It has been 16 weeks since Major League Baseball came to a crashing halt on March 12 — two weeks before Opening Day — due to the coronavirus pandemic.
On Friday, the Miami Marlins and the rest of MLB take the next step toward resuming the season when they begin three weeks of organized team workouts ahead of a 60-game season that begins on July 23 or 24.
The Marlins will have at least 41 players from their 60-man roster pool initially report to their main training site at Marlins Park. The rest, mostly prospects, will be based at the team’s usual spring training site at the Roger Dean Chevrolet Stadium Complex in Jupiter. It’s not guaranteed that every player will be able to report for the first day of camp as players await results from Wednesday’s intake screenings. Players have to self-quarantine until their results arrive and can only report to training sessions if their COVID-19 test comes back negative.
“Baseball’s always been a game of adjustments,” Marlins manager Don Mattingly said. “You’ll have to make them. We’ll have to make them as a coaching staff and as an organization.”
To comply with social distancing and a slew of new health and safety protocols, the Marlins will stagger their daily workout sessions at Marlins Park. Sessions will focus more on live batting practices and simulation games than routine drill work that is typical of early spring training practices before games begin. Teams will also be allowed to have intrasquad games.
“There won’t be any competition with other uniforms,” Marlins president of baseball operations Michael Hill said. “It’ll at all be internal, and that’s essentially the same guidelines that we’ll have with our group in Miami as well. We’ll have to do everything internally to get our guys work and get them ready for the regular season.”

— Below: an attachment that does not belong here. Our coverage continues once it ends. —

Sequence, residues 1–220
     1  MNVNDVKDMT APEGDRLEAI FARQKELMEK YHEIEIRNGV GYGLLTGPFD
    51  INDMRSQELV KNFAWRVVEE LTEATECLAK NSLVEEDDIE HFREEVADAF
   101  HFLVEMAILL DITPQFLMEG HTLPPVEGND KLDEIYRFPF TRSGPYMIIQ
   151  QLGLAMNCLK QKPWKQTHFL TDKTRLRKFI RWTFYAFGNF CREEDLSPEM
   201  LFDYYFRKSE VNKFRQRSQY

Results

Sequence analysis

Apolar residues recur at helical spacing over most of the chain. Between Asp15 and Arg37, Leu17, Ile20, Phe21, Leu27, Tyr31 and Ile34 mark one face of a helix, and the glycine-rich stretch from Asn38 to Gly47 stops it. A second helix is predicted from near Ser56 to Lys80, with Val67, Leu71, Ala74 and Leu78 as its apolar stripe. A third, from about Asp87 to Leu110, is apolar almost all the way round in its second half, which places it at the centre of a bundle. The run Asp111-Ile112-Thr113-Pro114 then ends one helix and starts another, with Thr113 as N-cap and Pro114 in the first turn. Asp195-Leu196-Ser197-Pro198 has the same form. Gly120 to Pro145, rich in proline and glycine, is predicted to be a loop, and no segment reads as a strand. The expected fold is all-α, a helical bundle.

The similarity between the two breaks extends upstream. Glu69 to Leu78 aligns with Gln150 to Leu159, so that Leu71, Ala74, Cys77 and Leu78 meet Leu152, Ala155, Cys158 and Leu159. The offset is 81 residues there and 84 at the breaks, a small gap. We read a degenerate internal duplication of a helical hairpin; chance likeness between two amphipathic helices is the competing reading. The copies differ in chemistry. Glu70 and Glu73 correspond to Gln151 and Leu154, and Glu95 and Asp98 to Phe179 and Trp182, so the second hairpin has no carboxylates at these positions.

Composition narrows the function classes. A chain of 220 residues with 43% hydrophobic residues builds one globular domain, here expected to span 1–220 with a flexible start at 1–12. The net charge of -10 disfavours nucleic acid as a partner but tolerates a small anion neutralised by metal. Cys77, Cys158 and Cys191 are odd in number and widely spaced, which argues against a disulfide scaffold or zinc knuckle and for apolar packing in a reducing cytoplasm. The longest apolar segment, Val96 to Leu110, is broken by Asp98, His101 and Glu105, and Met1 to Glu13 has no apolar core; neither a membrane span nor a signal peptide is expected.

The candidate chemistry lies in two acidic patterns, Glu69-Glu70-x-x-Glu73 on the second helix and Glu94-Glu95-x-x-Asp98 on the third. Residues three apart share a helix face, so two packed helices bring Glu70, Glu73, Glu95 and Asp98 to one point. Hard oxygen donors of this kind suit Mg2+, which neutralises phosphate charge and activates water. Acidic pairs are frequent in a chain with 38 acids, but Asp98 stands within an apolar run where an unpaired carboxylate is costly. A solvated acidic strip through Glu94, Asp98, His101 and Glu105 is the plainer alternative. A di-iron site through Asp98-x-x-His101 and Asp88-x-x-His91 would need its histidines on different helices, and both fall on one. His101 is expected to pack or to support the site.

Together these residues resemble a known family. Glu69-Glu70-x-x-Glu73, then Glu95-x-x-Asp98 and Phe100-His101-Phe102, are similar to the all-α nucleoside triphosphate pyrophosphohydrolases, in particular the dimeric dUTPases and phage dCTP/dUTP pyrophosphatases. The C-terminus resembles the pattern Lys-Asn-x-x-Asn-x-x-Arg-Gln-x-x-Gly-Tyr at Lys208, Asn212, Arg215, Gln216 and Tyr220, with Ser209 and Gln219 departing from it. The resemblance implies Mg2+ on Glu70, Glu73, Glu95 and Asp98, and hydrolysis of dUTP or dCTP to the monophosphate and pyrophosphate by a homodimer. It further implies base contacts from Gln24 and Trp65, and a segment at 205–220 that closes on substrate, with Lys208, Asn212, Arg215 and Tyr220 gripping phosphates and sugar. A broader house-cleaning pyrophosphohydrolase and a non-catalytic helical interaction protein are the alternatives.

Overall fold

That’s just one of several challenges the Marlins will have to adapt to during the next few months.
Among the new rules put in place according to MLB’s 101-page operations manual: No spitting. No licking fingers. Staggered uses of bullpens, weight rooms and batting cages. Wearing masks when not working out. Limited physical contact. Limited face touching (including to wipe off sweat or to give signs to teammates).
“We’ve got lots of hurdles,” Mattingly said. “That’s one of the things we will talk about. With all of the hurdles and all of the protocols and all the things we’ll have to deal with — as a player and as a staff member — everything has changed.”
Added shortstop Miguel Rojas: “You know, as a baseball player, you have routines. These routines have been developed for a long time — like getting to the ballpark really early in the afternoon. This is not going to be the case. The case is getting to the ballpark at a time when you can get your work done.”
Players on the Marlins’ 40-man roster have been able to use the Jupiter and Marlins Park facilities for individual workouts over the past month to stay ready for whenever the season started. Most of the Marlins’ starting pitchers are already worked up to throw four to five innings at a time.
But with that came a balance between players staying ready and not over-exerting themselves as the stoppage between workouts lingered for more than three months.
“You didn’t know when or how it was going to start or if it was gonna start,” Mattingly said. “It was just hard to really planning anything for those guys so the biggest thing was you didn’t want them to try to stay in high gear month after month. Let’s just keep a baseline. We’re going to have to get some time in spring if we get back.”
They will get back on Friday.